The conventional logic for outsourcing processes or buying services and materials was to do so where there were no economies of scale from keeping the process in-house and there was a market of competing suppliers. Purchasing followed an adversarial model: playing one supplier/vendor off against another to keep purchase prices down. This model has been progressively replaced by a partnership model, based on long-term relationships. These relationships are kept efficient by complex processes of vendor assessment. Significantly, where in the conventional model a company was not concenrned with the internal operations of a vendor, in the partnership model they want visibility of their partner’s operations, with the poterntial risk that this assymmetric knowledge will be used against the partner. The growth of outsourcing following the partnership model has led to the emergence of specialist firms, for example Electronics Manufacturing Services Firms (EMS) assembling electronic systems, who combine a claim that they are particulalry efficient in their operations with a flexibility to integrate closely with the operations of their customers.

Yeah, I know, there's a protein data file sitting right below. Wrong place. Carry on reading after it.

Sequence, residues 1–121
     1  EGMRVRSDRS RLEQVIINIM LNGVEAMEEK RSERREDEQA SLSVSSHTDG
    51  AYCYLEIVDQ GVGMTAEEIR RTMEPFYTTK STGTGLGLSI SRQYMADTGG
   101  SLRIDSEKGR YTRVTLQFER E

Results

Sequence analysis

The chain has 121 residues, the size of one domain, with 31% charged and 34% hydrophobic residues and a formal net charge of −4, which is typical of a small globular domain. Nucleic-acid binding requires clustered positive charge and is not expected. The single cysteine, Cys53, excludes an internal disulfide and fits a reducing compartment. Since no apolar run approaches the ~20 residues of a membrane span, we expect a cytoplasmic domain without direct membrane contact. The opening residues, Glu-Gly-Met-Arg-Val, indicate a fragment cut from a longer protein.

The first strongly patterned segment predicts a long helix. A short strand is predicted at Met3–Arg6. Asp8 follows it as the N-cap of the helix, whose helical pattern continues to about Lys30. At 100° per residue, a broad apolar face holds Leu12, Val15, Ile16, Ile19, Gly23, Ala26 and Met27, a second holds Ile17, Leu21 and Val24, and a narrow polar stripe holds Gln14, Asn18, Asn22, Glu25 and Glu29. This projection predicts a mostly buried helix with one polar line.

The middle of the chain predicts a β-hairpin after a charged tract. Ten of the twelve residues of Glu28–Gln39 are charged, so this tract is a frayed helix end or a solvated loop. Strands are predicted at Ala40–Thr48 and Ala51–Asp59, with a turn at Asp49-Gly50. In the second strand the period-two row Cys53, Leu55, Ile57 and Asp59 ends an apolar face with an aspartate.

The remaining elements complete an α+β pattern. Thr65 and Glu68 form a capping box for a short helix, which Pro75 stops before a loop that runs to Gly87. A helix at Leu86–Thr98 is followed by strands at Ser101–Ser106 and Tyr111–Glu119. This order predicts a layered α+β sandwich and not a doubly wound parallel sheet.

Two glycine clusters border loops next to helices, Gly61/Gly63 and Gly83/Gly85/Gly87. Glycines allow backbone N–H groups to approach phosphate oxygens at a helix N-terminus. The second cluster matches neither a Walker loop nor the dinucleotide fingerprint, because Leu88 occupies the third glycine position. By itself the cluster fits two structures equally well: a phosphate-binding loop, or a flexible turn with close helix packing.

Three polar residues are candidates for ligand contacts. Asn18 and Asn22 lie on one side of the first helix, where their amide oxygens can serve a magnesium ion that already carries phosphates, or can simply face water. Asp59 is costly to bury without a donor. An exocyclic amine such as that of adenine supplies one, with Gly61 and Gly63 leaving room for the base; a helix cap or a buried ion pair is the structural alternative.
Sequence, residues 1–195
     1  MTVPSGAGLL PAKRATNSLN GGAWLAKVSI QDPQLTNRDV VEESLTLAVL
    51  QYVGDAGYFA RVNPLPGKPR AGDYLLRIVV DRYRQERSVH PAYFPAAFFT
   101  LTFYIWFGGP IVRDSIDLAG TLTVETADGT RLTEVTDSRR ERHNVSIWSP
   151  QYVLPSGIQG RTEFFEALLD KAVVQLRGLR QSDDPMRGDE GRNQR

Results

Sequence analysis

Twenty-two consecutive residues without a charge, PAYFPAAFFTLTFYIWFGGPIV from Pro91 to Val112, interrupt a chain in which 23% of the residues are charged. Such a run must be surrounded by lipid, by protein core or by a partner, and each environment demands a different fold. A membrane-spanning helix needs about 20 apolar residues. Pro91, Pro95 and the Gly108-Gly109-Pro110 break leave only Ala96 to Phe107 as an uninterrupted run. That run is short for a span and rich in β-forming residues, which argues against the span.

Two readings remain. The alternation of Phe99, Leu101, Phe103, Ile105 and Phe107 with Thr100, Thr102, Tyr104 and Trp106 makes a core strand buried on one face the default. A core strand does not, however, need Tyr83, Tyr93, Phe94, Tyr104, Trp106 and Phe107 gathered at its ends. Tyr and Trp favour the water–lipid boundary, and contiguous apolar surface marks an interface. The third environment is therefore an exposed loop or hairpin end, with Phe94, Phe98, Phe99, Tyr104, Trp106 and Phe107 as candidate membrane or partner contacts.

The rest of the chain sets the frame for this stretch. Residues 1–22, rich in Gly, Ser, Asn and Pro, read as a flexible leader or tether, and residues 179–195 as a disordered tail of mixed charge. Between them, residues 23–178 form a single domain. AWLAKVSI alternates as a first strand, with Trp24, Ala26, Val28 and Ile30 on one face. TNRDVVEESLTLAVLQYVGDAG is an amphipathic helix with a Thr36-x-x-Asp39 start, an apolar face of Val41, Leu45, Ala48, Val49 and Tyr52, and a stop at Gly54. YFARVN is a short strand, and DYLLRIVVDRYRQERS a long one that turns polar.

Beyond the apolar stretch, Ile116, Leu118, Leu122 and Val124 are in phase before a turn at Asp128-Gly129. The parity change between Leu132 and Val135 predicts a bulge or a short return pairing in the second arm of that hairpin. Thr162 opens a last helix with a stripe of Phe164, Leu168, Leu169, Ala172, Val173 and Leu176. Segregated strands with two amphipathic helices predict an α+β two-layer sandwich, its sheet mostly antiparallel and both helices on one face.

The conventional view of operations management focussed on the management of resources within the walls of the firm. However the growth of the partenrship model led to a realisation that an inefficiency in a vendor or customer was a problem that would eventually affect everyone in a supply-chain. This led to a realisation that supply-chains should be co-ordinated across organisational boundaries. The clearest example of this was in the restructuring of distribution into retailers, with the introduction of regional distribution centres.
BS1 Vol. 1, pp 509-543.
New, S. (2010). The Transparent Supply Chain. Harvard Business Review, 88(10), 76-82.